In the Late Light of August

After dinner, Gloria went out behind her barn and moistened the compost pile, breathing the earthy scent of water hitting brown leaves and over-ripe vegetables. The spray from the hose startled a small gray rabbit nibbling on carrot scraps.

“Shoo!” Gloria watched the rabbit bound away, then pitchforked the pile into a loose heap. Because only aerated and moist—but not soggy—compost would rot. And decomposition, in this case, was good, though Gloria’s mother would say: How grim! No wonder the two of them hadn’t spoken since June.

By the fence, a crow pecked at shriveled tomato skin. When Gloria got too near, it croaked, flapped up off the ground and landed on the barn’s roof. The black bird stood on the curling roof tiles. Adding to the haunted house look of the place.

Gloria could hear her mother’s scorn.

So what? She countered. Who cared if her barn and little house were shabby? Only the plants mattered.

Gloria’s dad sent the occasional email from Sidney, had never seen Gloria’s farm and had an excuse for that, in Gloria’s mind. But Gloria’s mother lived five miles away as the crow might fly (but why would it?) and she never dropped by uninvited. Invited, she hardly ever visited, so Gloria had stopped asking.

Gloria went into the barn and stood on a crate to grab a bag of greensand, her chin at shelf-level. Outside, she raised the bag to scan the label in the fading light. Greensand contains marine potash, silica, iron oxide, magnesia, lime, phosphoric acid and twenty-two trace minerals. It read like a recipe for a potion.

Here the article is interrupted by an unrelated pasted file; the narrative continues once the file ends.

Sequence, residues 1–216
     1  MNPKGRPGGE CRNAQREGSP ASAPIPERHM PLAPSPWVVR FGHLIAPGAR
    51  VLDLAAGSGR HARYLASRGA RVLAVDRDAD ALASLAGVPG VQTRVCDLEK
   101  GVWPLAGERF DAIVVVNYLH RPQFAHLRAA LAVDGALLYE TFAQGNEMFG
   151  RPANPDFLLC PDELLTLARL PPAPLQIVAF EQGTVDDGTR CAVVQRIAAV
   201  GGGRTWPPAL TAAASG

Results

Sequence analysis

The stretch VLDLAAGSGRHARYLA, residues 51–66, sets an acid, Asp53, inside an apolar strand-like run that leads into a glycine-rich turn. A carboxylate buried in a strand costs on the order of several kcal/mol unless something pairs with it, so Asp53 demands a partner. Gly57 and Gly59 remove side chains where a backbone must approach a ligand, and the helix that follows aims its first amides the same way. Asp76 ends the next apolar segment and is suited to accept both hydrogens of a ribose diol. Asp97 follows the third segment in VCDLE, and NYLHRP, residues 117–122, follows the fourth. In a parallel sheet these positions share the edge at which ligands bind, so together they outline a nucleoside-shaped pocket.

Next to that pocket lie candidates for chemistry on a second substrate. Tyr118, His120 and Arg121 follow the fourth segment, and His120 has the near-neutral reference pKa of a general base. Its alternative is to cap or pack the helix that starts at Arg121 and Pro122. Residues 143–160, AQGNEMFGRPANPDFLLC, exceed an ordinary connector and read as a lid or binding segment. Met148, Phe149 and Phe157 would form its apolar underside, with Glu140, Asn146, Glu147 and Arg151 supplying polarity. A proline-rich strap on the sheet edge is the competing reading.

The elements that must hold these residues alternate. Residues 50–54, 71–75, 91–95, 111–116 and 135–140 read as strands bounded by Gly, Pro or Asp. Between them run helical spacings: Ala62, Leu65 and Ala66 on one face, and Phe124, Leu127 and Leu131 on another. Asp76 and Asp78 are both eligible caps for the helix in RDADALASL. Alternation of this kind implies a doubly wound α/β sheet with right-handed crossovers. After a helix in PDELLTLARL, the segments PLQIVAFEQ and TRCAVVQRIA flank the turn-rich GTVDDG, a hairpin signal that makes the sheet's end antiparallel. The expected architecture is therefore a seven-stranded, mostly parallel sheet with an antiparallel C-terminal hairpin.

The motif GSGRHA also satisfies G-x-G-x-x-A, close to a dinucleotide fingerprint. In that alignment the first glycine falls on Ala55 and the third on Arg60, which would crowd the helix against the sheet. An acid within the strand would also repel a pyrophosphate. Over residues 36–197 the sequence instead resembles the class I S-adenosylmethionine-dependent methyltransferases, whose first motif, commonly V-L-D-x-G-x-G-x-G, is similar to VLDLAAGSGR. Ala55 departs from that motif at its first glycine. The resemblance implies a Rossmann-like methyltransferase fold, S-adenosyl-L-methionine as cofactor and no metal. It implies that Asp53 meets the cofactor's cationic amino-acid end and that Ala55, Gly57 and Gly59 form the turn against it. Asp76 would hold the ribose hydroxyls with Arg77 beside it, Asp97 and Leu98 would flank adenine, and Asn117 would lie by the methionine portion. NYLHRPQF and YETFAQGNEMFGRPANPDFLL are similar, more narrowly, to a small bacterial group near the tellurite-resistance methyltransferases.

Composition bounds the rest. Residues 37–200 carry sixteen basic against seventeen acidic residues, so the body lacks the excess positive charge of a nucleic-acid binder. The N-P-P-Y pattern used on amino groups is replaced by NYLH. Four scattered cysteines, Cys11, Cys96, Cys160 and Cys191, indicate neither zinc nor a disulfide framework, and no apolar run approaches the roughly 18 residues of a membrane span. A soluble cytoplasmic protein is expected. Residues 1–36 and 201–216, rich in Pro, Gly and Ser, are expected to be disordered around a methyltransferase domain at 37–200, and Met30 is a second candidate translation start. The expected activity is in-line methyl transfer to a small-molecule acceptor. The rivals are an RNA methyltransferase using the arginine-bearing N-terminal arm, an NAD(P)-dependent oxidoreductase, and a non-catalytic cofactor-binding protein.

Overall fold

Of course, science, not magic grew healthy plants, though the simple act of growing plants from seed felt miraculous. Back in January, the seeds of the tomato plants she now side-dressed with sprinkles of greensand had fit in the palm of her hand. And now look at them. From papery white specks to vigorous green shrubs.

But what’s it all for? Gloria’s mother would shake her head helplessly. Vegetables! Unable to see the enchantment here. Tomatoes, red, orange, yellow, pink, stripy green, big as Gloria’s fist, tiny as her thumbnail, all with a scent as familiar to her as the smell of her own body.

After she’d emptied the greensand bag, Gloria got herself a bottle of cold beer and returned to the field as the wispy clouds high in the western sky blushed pink.

Swigging, swallowing, wiping her mouth with the back of her hand, Gloria strolled along the fence where clumps of orange California poppies bloomed. Tough, stubborn natives. Then she turned and walked between her raised beds. The nasturtiums she’d planted among the tomatoes released their perfume at dusk. She plucked a flower, nibbled a petal, and stooped to peer into the tomato foliage.

A ripe Sungold! Gloria picked it and popped the small orange fruit into her mouth, tasting the perfect balance of sweet and tangy. Her mother had only seen green tomatoes growing on small, neat plants, not this abundance. If Gloria could share her excitement with her mother, stir her up (if she was stir-up-able), maybe she’d accept the life Gloria had chosen, maybe even be happy for her. Was that possible? She’d try, at least. This time she really would try.

In a dusky aisle, Gloria sat on the dirt, under a canopy of tomato foliage. She set down the beer bottle and yanked off her black work boots to free her bare feet, wiggled her toes, moist and pale as grubs. The tomato plants framed the colorful sky. Rose swirled into lavender; orange melted into salmon. From south a ways Mexican dance music on a radio carried over in her direction.

Closing her eyes, Gloria leaned back against the boards. Her ankle tickled, a pill bug, maybe, scurrying over the mountain of skin and bone. When she opened her eyes, stars had come out in the purple sky.

Simone Martel
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